The banknote printer pinpointed a decline in trading volumes within its currency business unit, which accounts for a major part of De La Rue’s sales, for the drop from £528.3m the previous year.

Basingstoke-based De La Rue has also previously cited additional capacity from other manufacturers, such as Germany’s Giesecke & Devrient and Oberthur in France, for the tougher trading conditions.

As a result, the group has accelerated the “improvement plan” it launched in 2011 by increasing its cost-savings target by £10m to £40m for 2013/2014.

This plan includes cost reduction measures, such as the consolidation of De La Rue’s Stroudley Road and Dunstable factories into its Westhoughton and Gateshead facilities, which is now complete and generating annual savings of £6m.

Tim Cobbold, chief executive of De La Rue said the group delivered an operating profit of £63m “despite a much more challenging banknote paper market”.

While underlying pre-tax profits were up 2% during the 12 months to £59.1m, this excludes the £7.6m cost associated with implementing the on-going improvement plan.

Cobbold added: “Overall order intake reflected the difficult market conditions and an historically low level of overspill volume available to the commercial producers.

“It was also impacted by the previously announced delay to a number of important orders, some of which have since been received.”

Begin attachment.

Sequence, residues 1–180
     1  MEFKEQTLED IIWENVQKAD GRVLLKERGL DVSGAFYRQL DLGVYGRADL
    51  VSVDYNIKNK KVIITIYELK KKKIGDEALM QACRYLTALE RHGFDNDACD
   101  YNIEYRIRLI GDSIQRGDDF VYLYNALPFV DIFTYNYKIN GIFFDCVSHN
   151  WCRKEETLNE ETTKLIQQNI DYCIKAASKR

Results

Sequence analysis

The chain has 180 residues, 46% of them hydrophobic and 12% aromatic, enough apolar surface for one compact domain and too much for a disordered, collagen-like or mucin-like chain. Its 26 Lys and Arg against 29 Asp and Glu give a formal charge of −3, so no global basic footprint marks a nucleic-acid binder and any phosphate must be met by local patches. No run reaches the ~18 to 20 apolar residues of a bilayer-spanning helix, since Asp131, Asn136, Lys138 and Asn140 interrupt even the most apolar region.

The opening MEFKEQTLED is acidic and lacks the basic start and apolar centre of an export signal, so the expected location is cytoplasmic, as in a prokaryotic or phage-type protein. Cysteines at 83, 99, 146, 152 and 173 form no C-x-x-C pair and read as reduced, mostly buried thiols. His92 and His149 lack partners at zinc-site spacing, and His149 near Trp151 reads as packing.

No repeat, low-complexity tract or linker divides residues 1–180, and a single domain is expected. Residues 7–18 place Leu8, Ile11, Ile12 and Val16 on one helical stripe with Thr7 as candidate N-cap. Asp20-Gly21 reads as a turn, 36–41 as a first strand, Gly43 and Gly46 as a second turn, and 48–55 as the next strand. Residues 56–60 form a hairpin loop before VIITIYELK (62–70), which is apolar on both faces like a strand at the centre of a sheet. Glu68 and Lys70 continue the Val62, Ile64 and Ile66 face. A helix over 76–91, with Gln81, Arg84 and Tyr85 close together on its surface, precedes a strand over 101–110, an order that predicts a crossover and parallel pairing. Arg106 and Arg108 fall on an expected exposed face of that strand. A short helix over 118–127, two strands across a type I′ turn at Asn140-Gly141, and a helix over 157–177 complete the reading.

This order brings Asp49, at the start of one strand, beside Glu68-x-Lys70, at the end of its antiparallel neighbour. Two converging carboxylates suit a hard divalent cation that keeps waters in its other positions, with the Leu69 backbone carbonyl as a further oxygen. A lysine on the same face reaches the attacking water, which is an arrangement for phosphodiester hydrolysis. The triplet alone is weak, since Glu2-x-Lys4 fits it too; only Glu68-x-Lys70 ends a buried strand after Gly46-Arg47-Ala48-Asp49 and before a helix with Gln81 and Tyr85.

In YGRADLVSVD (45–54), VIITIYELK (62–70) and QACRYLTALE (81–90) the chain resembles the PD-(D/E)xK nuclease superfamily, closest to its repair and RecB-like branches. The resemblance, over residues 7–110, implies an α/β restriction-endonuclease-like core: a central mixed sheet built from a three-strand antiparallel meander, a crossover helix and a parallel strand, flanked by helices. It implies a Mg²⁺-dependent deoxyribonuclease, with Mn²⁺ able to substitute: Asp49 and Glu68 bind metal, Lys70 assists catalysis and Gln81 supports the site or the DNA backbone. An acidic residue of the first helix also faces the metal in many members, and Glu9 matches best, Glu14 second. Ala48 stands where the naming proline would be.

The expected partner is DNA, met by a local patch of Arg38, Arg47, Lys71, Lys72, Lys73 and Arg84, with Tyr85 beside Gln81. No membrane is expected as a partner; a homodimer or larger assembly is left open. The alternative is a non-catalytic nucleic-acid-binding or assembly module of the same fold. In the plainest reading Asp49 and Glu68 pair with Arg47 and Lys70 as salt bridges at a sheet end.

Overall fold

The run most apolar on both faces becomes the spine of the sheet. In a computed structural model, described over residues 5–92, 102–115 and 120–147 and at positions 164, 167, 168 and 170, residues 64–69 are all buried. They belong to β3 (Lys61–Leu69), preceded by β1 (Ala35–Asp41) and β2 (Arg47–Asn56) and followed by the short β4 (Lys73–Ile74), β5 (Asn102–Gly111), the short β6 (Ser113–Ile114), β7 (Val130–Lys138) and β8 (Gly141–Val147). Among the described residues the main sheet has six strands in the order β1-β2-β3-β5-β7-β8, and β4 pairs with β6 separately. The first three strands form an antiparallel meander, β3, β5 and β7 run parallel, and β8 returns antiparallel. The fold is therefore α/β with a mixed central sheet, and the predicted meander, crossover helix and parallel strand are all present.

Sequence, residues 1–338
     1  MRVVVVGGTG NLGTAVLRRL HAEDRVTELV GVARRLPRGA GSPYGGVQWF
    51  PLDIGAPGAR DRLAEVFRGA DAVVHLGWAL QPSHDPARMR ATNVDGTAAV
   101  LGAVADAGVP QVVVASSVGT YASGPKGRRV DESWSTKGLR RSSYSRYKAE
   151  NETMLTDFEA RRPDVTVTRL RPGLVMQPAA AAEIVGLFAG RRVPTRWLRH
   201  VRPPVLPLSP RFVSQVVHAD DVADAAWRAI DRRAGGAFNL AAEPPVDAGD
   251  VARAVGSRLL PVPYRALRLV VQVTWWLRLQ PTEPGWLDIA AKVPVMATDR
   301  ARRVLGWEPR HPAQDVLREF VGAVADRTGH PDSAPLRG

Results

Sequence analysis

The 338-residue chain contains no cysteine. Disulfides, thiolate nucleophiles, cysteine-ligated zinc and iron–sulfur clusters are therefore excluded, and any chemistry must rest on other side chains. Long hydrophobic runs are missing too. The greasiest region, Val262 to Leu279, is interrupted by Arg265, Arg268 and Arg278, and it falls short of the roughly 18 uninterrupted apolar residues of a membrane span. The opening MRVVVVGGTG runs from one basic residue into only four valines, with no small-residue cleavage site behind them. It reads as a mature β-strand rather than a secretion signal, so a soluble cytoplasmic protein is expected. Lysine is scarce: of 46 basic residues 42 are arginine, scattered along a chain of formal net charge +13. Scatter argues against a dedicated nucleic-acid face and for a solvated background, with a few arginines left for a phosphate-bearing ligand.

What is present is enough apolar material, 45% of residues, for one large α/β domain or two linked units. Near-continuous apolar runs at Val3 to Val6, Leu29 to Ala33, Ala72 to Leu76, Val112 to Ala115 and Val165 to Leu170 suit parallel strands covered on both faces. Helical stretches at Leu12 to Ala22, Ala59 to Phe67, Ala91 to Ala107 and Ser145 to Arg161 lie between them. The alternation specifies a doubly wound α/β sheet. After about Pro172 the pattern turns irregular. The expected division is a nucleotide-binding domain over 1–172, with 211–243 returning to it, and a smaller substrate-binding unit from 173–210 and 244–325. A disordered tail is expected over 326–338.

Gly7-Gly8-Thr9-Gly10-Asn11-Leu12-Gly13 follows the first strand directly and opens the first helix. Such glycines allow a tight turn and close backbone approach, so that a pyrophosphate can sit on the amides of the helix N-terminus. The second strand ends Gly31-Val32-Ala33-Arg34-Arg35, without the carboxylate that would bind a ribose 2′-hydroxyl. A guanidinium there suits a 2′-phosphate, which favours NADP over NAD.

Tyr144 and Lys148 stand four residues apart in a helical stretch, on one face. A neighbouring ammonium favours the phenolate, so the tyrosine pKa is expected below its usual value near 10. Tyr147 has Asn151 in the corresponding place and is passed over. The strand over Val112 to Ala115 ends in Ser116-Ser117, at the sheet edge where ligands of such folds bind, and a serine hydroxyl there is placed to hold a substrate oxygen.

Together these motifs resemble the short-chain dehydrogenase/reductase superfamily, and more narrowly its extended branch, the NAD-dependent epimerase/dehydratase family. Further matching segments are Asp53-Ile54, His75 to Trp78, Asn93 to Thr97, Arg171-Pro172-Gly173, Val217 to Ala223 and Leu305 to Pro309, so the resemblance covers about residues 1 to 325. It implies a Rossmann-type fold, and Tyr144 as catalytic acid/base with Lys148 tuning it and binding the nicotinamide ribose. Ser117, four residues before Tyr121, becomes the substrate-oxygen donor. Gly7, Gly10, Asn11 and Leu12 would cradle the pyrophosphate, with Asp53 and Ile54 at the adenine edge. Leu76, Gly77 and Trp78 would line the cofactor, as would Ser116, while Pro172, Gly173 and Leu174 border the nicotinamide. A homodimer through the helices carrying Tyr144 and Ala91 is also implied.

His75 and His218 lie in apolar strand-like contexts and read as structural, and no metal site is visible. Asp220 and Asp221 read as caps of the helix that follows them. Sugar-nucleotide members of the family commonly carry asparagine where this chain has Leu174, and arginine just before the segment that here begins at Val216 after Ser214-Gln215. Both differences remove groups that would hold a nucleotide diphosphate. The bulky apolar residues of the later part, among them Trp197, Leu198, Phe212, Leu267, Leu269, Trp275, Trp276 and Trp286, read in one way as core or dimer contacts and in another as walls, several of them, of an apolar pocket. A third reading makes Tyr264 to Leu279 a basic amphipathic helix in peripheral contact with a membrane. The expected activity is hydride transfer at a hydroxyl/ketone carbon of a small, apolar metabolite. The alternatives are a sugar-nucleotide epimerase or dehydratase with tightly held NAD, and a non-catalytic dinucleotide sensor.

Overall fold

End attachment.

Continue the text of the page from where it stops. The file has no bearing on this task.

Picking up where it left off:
De La Rue’s latest results come as its contract to print the UK’s banknotes remains in the balance after the Bank of England (BoE) issued a tender notice asking up to five operators to bid for the £1bn contract late last year.

The contract, which could potentially run for up to 14 years, will start in April 2015 and sees alternative suppliers bidding to print up to 12bn banknotes at BoE’s Debden, Essex facility.

De La Rue also remains blighted by the paper production problems that impacted the group in 2010, resulting in the departure of then chief executive, James Hussey.

The group was forced to temporarily suspend aspects of its paper production at its largest plant in Overton, Hampshire, following the discovery of “quality and production irregularities” at the facility.

In its latest results, De La Rue said that provisions have been made in previous years for the costs associated with the investigation and production surrounding the issue.

However, it said that no provisions had been made for the “potential cost of resolutions or for potential fines from regulatory authorities”.

The group added: “The nature and extent of these resolutions will be the subject of ongoing discussions, the outcome of which cannot be estimated reliably at present.

“The timing, response and outcome of the consideration by the authorities of the reported findings of the investigation is also uncertain and the financial consequences, if any, cannot be estimated reliably at present.”